This biographical sketch was originally written by Lisa P. Rickey in April 2012 for the Forrer-Peirce-Wood Collection (MS-018) finding aid at the Dayton Metro Library, 215 E. Third St., Dayton, Ohio, 45402; phone (937) 496-8654.

Additional information about the sketch’s subject can be found in that collection. For more information about the manuscript collection’s contents, please see the original PDF finding aid available in the Local History Room of the Dayton Metro Library, the OhioLINK EAD Repository entry, or the WorldCat record.

Please contact the Dayton Metro Library or this blog’s author for more information about how to access the original finding aid or the manuscript collection.


[1] Howard Genealogical Information, FPW, 36:20; John Howard to his family, [several letters], 36:7-8. John signed a few of his letters “John H. Howard.”

[2] Several letters from the time period of the August 1833 cholera outbreak are addressed to John at Gambier, Ohio. Also, according to Kenyon College historian Tom Stamp, it was not unusual for a young man of John’s age (19 or 20) to enter the grammar school at Kenyon, during that time period.

[3] Personal correspondence from Lydia Shahan, special collections assistant, Greenslade Special Collections & Archives, Kenyon College, Gambier, Ohio, 19 Mar. 2012. John Edgar, in Pioneer Life in Dayton and Vicinity (1896), p. 113, incorrectly states that John graduated in 1839.

[4] Edgar, Pioneer Life in Dayton, 113; David C. Greer, Sluff of History’s Boot Soles: An Anecdotal History of Dayton’s Bench and Bar (Wilmington, OH: Orange Frazer Press, 1996), 75; Dayton City Directories.

[5] “Mayors of Dayton” List, Dayton Metro Library Local History Question & Answer File; Greer, Sluff of History’s Boot Soles, 75; “How Soldiers Voted in Ohio: Why a Democrat was Elected to Congress from a Republican District,” 21 Oct. 1876, Cincinnati Enquirer, ProQuest Historical Newspapers: The Cincinnati Enquirer, 1841-1922; Dayton Journal, Aug.-Oct. 1876 [several articles].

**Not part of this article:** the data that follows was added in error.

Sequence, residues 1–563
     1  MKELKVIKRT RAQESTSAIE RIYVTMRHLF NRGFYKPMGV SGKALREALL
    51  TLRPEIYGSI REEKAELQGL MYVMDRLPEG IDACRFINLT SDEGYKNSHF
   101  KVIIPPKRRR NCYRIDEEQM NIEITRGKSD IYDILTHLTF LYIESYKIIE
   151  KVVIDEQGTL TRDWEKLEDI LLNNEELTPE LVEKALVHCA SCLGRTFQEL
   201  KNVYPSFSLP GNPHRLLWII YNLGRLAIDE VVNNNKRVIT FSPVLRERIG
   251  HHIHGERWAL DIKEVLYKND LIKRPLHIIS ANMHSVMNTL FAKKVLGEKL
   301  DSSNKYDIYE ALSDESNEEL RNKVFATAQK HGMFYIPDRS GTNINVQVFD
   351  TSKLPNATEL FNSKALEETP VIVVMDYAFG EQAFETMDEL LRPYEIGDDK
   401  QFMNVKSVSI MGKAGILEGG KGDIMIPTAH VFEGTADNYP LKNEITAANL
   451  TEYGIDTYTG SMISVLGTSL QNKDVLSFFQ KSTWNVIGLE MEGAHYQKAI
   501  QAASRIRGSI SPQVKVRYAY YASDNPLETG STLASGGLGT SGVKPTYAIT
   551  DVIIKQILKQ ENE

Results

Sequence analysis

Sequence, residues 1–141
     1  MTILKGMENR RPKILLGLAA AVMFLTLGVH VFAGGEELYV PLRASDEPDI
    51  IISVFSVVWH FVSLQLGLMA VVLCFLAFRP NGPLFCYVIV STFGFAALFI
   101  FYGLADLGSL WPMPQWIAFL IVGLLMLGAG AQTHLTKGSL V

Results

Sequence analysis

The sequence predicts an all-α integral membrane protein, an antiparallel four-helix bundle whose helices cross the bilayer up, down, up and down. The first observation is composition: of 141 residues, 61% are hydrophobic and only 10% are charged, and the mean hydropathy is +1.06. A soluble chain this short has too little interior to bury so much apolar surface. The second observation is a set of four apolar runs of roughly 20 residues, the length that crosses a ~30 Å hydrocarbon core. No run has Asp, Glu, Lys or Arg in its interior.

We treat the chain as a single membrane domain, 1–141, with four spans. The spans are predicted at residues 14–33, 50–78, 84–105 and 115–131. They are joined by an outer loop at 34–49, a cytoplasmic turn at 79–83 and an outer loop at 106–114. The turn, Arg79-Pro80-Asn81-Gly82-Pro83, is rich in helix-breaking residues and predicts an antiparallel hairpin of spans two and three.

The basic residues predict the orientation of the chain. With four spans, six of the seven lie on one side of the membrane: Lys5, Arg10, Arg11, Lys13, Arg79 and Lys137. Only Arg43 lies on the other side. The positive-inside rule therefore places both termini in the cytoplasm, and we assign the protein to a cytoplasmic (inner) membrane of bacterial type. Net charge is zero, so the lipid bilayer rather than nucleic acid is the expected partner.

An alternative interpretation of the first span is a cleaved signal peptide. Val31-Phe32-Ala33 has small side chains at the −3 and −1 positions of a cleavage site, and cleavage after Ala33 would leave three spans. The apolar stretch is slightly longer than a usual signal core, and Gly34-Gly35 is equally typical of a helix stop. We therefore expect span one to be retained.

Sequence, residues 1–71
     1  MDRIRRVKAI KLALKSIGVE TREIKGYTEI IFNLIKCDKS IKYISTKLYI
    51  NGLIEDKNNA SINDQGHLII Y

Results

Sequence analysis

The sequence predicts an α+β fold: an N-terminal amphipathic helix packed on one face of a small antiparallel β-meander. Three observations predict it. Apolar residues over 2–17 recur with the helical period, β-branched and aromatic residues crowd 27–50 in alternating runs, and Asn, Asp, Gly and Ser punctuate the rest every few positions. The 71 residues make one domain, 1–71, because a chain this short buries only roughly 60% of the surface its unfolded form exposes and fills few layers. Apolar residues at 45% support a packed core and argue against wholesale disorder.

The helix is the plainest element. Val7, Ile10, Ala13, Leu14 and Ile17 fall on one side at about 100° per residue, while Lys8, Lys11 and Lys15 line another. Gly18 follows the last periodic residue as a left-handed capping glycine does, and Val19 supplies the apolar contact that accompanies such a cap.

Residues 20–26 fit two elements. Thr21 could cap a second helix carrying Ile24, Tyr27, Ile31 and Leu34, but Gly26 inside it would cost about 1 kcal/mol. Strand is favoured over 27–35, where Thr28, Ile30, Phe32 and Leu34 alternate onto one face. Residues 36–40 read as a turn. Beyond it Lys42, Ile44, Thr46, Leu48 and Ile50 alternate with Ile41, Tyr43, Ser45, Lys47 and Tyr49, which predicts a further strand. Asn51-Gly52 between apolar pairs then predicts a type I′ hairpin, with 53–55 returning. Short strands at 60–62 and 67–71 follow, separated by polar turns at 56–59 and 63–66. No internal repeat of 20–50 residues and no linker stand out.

[6] Ohio, County Marriages, 1790-1950 (database), FamilySearch, accessed 25 Jan. 2012, http://www.familysearch.org; Edgar, Pioneer Life in Dayton, 112-113; U.S. Federal Census, 1860; Woodland Cemetery & Arboretum Interment Database, accessed 26 Oct. 2011, http://www.woodlandcemetery.org.

[7] Obituaries of John Howard, 10 May 1878 and 11 May 1878, Dayton Daily Journal; obituary of Ann E. Howard, 15 Sept. 1886, Dayton Daily Journal; Woodland Cemetery & Arboretum Interment Database, accessed 26 Oct. 2011, http://www.woodlandcemetery.org. John and Ann Howard are buried in Section 66, Lot 125.

[8] Official Roster of the Soldiers of the State of Ohio in the War of the Rebellion, 1861-1866, vol. X (Akron: Werner Co., 1889), 583; Civil War Draft Registration Records, 1863-1865 (database), Ancestry Library Edition; Dayton City Directories; U.S. Federal Census, 1850-1900; Great Registers of California, 1866-1898 (database), Ancestry Library Edition; Obituary of William C. Howard, [1900], in James O. Oliver scrapbook, Vol. II, Part 2, page 180, Montgomery County Historical Society Collection, Dayton Metro Library, Dayton, Ohio; Woodland Cemetery & Arboretum Interment Database, accessed 26 Oct. 2011, http://www.woodlandcemetery.org. William is buried in Section 66, Lot 127.

[9] U.S. Federal Census, 1850-1880; Augustus W. Drury, History of the City of Dayton and Montgomery County, Ohio (Chicago: S. J. Clarke Publishing Co., 1909), 2:84-87; Ohio Marriages, 1800-1958 (database), FamilySearch, accessed 12 Mar. 2012, http://www.familysearch.org; Ohio Births & Christenings Index, 1800-1962 (database), Ancestry Library Edition; Woodland Cemetery & Arboretum Interment Database, accessed 26 Oct. 2011, http://www.woodlandcemetery.org. Eliza is buried in Section 66, Lot 127; her husband was later buried beside her.

One response to “Bio Sketch: John H. Howard (1813-1878), lawyer in Dayton, Ohio

  1. Pingback: Bio Sketch: Horton Howard (1770-1833), Quaker leader, Ohio pioneer, federal land agent, doctor, & cholera victim | Glancing Backwards